Around 800 CE, various peoples from Scandinavian regions sailed away from their homelands and began raiding other areas of Europe. These pirate Norsemen (“Northmen”) became known as Vikings, from the old Norse word for bay or creek: vik.
Vikings raided coastal sites, including undefended monasteries in the British Isles and spread fear throughout Europe. For over 100 years, they controlled most of eastern England and also parts of France, especially Normandy.
Some Vikings eventually settled in conquered areas or focused on trading, but others continued raids until the 11th century.
The earliest Vikings practiced their own forms of pagan religion. Later Vikings converted to Christianity. They spoke a language called Old Norse. Vikings decorated useful objects, such as swords, and crafted beautiful jewelry.
793 – The attack on Lindisfarne Monastery on the Northumberland coast of Britain marks the beginning of the Viking era. The marauders probably came from what is now Norway. They did not destroy the monastery, but news of the attack spread through Christianized Europe and spread fear. As non-Christians then, Vikings had no respect for religious institutions.
795 – Vikings raided monasteries on the northern islands of Skye, Iona and Rathlin.
799 – The first recorded Viking raid in continental Europe was at the Monastery of St. Philibert’s on the island of Noirmoutier, off the coast of what is now France.
As Vikings learned of conflicts between various rulers in Europe, they began striking deeper inland. Some Frankish rulers used the fear of Vikings to their advantage. They paid Vikings not to attack their region. Some even invited Vikings to take their side in local wars. For example, in 840, Lothar invited a Viking fleet to help in a power struggle with his brothers. Vikings gained great wealth in such protection money.
Viking armies continued raids on the continent throughout the 9th century.
842 – Vikings sacked Nantes, then sailed up the Loire and began launching attacks on other inland Frankish cities over the the next few years: Paris, Limoges, Orleans, Tours, Nimes.
844 – Vikings attacked the Spanish city of Seville, controlled by Arabs then.
859 – Vikings set out from the coast of France with 62 ships. For several years, they carried out raids along the Mediterranean Coast. They sacked Pisa in Italy and may have traveled as far as Alexandria in Egypt.
In the early 900s, a Frankish king gave some northern territories to the Viking chief, Rollo. In return he asked that Rollo keep other traders from traveling down the Seine River. The region ruled by Rollo region became Normandy, “Land of Northmen.”
By the mid-ninth century, Vikings controlled much of mainland Scotland as well as its northern isles. Vikings also founded Ireland’s trading towns: Dublin, Waterford, Wexford, Wicklow, and Limerick. They used these towns as bases to attack inland in Ireland and across the Irish Sea to England.
Viking armies (mostly Danish) conquered East Anglia and Northumberland. Only King Alfred the Great of Wessex was able to defeat the Danish army in England. After losing Wessex, the Danes settled to the North in what they called Danelaw. Many became farmers and traders and established York as a key trading city.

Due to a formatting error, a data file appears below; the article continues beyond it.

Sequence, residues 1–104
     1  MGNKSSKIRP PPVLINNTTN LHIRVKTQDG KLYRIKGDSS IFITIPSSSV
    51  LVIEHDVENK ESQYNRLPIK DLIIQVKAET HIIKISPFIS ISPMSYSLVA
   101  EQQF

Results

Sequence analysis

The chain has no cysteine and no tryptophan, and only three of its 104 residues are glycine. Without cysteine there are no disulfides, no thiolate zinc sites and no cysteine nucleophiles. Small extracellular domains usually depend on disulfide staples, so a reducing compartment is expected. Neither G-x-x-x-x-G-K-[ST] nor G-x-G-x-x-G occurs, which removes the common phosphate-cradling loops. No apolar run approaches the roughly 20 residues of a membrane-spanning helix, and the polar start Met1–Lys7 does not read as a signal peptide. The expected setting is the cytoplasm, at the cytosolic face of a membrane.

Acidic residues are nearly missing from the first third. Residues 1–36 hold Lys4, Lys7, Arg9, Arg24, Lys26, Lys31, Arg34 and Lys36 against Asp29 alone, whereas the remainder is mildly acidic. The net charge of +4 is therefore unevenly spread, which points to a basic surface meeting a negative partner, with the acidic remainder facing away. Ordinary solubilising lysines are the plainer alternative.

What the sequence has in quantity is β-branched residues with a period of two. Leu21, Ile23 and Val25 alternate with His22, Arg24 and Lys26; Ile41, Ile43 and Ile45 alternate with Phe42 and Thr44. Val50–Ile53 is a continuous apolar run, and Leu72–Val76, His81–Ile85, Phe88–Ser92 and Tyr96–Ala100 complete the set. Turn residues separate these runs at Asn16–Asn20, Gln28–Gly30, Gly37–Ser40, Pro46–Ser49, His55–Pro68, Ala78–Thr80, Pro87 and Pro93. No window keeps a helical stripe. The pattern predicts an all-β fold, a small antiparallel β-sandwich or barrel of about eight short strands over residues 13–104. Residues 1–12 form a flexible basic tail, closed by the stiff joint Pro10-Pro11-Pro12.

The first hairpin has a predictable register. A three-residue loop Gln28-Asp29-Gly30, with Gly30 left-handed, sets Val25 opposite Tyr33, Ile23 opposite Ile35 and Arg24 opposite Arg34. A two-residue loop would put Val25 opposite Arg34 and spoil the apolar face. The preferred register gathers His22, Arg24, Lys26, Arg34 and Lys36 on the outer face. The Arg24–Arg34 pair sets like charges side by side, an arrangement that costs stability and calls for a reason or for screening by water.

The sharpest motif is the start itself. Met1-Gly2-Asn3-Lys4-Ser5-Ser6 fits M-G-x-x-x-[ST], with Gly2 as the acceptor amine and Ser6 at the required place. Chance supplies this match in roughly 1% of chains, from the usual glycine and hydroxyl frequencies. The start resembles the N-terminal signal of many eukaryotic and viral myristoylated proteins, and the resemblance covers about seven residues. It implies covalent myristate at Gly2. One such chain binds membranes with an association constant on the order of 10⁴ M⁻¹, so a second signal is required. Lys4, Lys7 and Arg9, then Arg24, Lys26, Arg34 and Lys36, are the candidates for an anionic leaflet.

In the 10th century, English armies led by Alfred’s descendants reconquered the Scandinavian parts of England. They killed the last Scandinavian king, Erik Bloodaxe, in 952 and united England into a kingdom.
With their advanced seafaring skills, the Vikings explored westward across the Atlantic. They settled Iceland and Greenland. Some made it as far as North America. They called it Vinland and built a small settlement in what is now Newfoundland.
Second Viking Age
By the 10th century, Harald Bluetooth, unified and Christianized Denmark and began what is often called the second Viking age. With royal leaders behind them in Denmark, Viking warriors organized larger raids, especially along the coasts of England.
Sven Forkbeard was one of the Vikings leading these new attacks on England. He conquered the entire kingdom in 1013. Sven died and left his son Knut (Canute) to rule a short-lived empire that united England, Denmark and Norway on North Sea.
Edward the Confessor soon regained the English throne from the Danes. His successors fended off more Viking attacks, including one by the last great Viking king, Harald Hardrad of Norway near York.
The Norman Conquest
Battles with Vikings weakened English forces. In 1066, weeks after the battle near York, England fell to the armies of William the Conqueror, Duke of Normandy, who was himself a descendant of Scandinavian settlers in northern France.
The Norman Conquest ended the Viking age. William fended off further Danish challenges. By then, Scandinavian kingdoms had become largely Christian and focused on building power back in their homelands.
The Viking language shows up in many place names in northern England, Scotland and Russia. For example, in Yorkshire in England, 210 town names end in -by, a Scandinavian suffix meaning “town.” Here are two examples:
Grimsby – Grimr’s town
Wetherby – sheep’s town (wether means a castrated ram)
Many words in English come from old Norse. Here are just a few: